The following is based on a article I write sometime ago about radio Luxemburg.
Radio Luxembourg is a commercial broadcaster in many languages from the Grand Duchy of Luxembourg. It is known in most non-English languages as RTL (for Radio Television Luxembourg).
The English-language service of Radio Luxembourg began in 1933 as one of the earliest commercial radio stations broadcasting to Britain. It was an important forerunner of pirate radio and modern commercial radio in the United Kingdom. It boasted the most powerful transmitter in the world (1200 kW broadcasting on medium wave); in the late 1930s, and again in the 1950s and 1960s, it captured very large audiences in the British Isles with its programmes of popular entertainment.
The final broadcast of the old Radio Luxembourg was on 30th December 1992, and I was there to hear it all and tape it. The 2 old C90 tapes I did have now been transfered to MP3 so they will last a bit longer. Never know one day I may put them on here for you to download, if RTL allow me !A lot of the DJ’s that used to work at Radio Luxemburg came from some of the pirate radio stations of the time, some later went on to be house hold names on TV. Some of the greats include Timmy Mallot, Stephen Williams, Noel Edmonds, Paul Burnett, Neil Fox aka Dr Fox, Tony Prince, Mike Read, Jimmy Savile, David “Kid” Jenson, Chris Moyles under the “broadcast name” Chris Holmes, Mike Hollis, Bob Stewart, Tony Adams, Shaun Tilley, Steve Joy and the Emperer Rosko.
1931: The creation of CLR (Compagnie Luxembourgeoise de Radiodiffusion). It is a private company with shareholders from different European firms.
1933: March 15th marks the official, on-air launch of Radio Luxembourg. As a European pioneer, the company broadcasts a unique combination of programmes in several languages using the same long wave frequency to Luxembourg, Germany, Great Britain, France and later the Netherlands and Italy. The station rapidly becomes the most popular European commercial radio station. In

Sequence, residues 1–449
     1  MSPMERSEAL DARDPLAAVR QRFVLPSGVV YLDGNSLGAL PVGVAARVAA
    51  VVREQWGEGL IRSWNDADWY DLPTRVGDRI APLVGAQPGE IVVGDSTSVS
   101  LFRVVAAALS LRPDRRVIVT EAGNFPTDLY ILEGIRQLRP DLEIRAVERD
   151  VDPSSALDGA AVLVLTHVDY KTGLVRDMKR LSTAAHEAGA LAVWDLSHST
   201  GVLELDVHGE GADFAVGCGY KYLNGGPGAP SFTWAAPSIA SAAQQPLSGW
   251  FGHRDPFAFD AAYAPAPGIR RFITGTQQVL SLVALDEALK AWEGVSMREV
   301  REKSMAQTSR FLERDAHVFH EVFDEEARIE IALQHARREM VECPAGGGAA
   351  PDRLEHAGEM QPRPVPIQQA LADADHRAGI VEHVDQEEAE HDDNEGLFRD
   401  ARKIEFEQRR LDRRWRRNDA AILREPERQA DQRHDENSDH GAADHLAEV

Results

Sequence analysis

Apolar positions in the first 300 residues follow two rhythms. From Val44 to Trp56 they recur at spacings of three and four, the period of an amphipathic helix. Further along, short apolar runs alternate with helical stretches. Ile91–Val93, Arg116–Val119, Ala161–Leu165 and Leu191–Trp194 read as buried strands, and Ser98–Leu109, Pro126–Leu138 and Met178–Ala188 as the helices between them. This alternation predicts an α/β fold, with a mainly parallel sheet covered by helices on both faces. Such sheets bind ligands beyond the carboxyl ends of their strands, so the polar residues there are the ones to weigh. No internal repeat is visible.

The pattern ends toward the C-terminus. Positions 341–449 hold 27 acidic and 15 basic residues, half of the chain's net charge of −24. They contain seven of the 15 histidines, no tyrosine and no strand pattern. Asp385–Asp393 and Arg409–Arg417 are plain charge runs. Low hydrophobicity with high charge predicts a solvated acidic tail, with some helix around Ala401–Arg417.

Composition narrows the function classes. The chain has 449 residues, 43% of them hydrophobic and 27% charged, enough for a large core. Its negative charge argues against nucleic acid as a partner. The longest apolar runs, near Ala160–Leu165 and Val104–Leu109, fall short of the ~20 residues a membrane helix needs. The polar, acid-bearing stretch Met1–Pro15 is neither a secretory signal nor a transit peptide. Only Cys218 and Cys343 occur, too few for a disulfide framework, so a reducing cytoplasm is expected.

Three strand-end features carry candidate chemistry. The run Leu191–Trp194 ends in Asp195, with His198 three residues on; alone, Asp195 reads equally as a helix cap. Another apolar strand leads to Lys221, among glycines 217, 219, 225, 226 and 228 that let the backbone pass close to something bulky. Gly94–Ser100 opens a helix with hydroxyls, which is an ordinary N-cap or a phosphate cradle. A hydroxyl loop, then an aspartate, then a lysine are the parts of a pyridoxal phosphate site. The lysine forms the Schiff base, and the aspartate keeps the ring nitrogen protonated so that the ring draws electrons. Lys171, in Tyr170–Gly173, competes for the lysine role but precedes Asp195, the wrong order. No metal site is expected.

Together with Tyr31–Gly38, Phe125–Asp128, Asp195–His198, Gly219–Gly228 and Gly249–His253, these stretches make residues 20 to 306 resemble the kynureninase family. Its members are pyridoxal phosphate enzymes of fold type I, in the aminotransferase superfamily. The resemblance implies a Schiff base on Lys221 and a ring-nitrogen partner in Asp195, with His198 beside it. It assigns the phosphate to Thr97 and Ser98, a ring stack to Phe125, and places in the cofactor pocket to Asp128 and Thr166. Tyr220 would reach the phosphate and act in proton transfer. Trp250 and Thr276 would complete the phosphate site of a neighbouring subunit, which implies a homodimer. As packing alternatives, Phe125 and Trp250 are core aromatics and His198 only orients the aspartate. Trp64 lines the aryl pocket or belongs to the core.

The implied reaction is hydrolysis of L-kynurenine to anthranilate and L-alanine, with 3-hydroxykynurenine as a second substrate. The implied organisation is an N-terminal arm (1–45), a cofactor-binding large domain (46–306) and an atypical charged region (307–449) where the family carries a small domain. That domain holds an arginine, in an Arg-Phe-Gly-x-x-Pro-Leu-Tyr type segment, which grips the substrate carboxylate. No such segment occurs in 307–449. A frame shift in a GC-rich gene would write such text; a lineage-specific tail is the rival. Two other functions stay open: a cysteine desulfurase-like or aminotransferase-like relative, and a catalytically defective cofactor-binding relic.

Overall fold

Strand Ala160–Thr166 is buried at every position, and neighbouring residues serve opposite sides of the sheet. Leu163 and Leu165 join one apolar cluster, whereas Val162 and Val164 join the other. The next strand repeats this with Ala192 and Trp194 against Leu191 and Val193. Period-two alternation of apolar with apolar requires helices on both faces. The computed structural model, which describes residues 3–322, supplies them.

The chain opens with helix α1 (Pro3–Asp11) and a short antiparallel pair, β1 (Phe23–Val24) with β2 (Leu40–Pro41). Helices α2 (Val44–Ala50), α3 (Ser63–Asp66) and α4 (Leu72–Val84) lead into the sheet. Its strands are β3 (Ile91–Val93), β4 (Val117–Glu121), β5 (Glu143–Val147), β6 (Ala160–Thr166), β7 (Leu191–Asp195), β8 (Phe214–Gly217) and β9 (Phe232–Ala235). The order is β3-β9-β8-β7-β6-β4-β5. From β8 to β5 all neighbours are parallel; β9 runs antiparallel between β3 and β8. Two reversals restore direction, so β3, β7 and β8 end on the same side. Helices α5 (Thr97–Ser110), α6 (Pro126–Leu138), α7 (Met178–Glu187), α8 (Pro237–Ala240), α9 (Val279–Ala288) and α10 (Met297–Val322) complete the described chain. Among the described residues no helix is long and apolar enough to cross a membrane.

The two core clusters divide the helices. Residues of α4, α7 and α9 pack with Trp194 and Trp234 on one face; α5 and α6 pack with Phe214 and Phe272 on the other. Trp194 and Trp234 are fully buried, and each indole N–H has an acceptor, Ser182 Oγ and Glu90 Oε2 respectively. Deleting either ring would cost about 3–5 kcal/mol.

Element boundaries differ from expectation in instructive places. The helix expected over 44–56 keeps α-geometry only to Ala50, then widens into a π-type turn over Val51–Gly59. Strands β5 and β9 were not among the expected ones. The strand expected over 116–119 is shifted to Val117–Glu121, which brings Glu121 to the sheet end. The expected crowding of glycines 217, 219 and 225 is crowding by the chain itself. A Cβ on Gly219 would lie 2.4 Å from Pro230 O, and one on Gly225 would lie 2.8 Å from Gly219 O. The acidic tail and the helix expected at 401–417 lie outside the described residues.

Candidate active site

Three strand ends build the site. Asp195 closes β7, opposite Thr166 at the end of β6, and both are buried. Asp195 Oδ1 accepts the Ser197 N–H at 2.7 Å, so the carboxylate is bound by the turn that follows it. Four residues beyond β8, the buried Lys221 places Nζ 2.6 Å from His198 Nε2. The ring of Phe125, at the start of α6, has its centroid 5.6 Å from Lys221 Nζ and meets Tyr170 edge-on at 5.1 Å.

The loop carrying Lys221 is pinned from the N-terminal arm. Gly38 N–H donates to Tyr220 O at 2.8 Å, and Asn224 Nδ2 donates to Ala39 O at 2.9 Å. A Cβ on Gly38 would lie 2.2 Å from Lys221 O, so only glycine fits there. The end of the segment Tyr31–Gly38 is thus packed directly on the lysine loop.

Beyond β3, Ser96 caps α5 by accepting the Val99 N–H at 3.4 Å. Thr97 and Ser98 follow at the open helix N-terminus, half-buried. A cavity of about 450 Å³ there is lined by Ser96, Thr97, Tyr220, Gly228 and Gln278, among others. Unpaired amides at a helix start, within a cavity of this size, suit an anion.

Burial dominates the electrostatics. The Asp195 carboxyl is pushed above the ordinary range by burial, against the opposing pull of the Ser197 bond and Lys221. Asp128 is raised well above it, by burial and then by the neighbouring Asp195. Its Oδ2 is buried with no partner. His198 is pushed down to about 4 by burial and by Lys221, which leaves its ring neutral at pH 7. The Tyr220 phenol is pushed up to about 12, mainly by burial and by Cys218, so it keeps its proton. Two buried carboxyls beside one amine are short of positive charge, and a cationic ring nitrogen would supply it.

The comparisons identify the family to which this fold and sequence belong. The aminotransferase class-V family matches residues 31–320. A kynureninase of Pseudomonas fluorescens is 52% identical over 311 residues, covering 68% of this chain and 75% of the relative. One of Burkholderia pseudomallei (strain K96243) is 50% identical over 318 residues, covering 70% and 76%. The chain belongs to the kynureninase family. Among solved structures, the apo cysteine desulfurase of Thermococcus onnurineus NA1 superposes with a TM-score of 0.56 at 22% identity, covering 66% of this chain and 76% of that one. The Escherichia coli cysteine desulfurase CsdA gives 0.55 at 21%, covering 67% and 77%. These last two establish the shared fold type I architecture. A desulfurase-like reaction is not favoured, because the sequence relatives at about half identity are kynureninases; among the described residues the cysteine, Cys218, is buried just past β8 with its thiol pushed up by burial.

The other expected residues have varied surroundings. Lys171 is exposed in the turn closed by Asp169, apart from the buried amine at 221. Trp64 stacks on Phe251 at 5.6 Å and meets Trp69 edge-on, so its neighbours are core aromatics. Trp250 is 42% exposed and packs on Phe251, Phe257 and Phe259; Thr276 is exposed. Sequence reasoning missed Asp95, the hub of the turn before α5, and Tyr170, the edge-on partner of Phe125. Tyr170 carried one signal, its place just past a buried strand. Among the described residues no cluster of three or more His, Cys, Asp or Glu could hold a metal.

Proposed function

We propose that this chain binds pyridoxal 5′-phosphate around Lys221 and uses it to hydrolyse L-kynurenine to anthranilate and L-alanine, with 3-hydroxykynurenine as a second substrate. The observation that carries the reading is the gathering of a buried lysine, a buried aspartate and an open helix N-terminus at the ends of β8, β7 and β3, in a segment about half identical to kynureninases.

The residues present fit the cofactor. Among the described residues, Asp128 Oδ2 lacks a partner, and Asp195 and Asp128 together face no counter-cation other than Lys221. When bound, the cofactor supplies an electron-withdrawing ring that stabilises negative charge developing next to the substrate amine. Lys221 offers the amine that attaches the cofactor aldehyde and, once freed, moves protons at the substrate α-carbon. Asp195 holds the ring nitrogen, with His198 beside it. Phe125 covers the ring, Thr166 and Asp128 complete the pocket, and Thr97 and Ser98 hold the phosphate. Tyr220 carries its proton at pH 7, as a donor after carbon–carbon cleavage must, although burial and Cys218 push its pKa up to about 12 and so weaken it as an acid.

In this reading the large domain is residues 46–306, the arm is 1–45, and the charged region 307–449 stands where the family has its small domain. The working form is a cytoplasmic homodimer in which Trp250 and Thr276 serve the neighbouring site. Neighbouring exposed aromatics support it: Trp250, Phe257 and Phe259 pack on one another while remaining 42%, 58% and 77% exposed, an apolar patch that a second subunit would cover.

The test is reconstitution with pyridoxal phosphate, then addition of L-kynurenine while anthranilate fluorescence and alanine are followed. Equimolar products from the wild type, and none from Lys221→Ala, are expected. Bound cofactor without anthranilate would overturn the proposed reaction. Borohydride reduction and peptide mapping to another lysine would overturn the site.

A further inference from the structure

1951, Radio Luxembourg transfers its English programming to medium wave on the AM band on a frequency of 1440 KHz, or 208 meters (wavelength). “Two-Oh-Eight” quickly becomes a new musical reference point for young Britons. It was a time of Rock ‘n’ Roll, and Radio Luxembourg delivered it in quantity to the masses. ‘208’ becomes the best-known radio wavelength and gains massive acclaim as The Station of the Stars. For the next several decades, this English Service of Radio Luxembourg inspires and influences all those involved in any aspect of the music and recording industries: musicians, DJs, promoters, record companies and bands; even news organizations. Radio Luxembourg’s influence, even in English, included the European continent as well. Listeners, especially at night, numbered in the millions. Some Europeans say today they learned to speak English just by listening regularly to Radio Luxembourg. It’s certainly where they got their rock ‘n’ roll!
1991: For various business reasons, CLT decides to close down the frequency 1440 AM. From that day, Radio Luxembourg broadcast only on short wave, via the ASTRA satellite, and on the radio channel of Sky TV. But this change could not solve the financial problems. The rise of competing, local FM radio stations broadcasting in stereo contributed to the problems for Radio Luxembourg. Though broadcasting via satellite enabled the station to potentially reach millions throughout the whole of Europe, the results were disappointing, and this led CLT (Compagnie Luxembourgeoise de Télé Diffusion) to finally close the English Service of Radio Luxembourg in 1992.
2005 : The Legend Is Back! The new RTL Group is using the new DR technology to re-launch Radio Luxembourg in English on several short wave frequencies, notably 7145 KHz. But this is not the crackly short wave of years gone by, No! It’s CD-clear and digital. In a test phase lasting through September 2006, current transmissions are ongoing 24 hours daily. Radio Luxembourg now offers a format of Classic Rock. A new generation of “future proof” digital radio receivers featuring DR/DAB/FM/AM are shortly to be available from various manufacturers. These new radios are portable, and will tune in stations by name, not necessarily by frequency. That means you simply enter “Radio Luxembourg,” or scroll through the Electronic Programming Guide to find what you want. The radio does the rest, even following that station to another frequency without you, the listener, ever knowing or hearing about it. Their audio quality is superb and the DR transmission range is vast. The RTL Group and most leading international broadcasters are actively supporting the digital radio/DR initiative, and we encourage you to visit their websites. Radio Luxembourg, The Best In Classic Rock! The Legend Is Back!
2011 : Radio Luxembourg is broadcasting via internet radio, you can listen from your PC or internet radio 24/7 at www.radioluxembourg.co.uk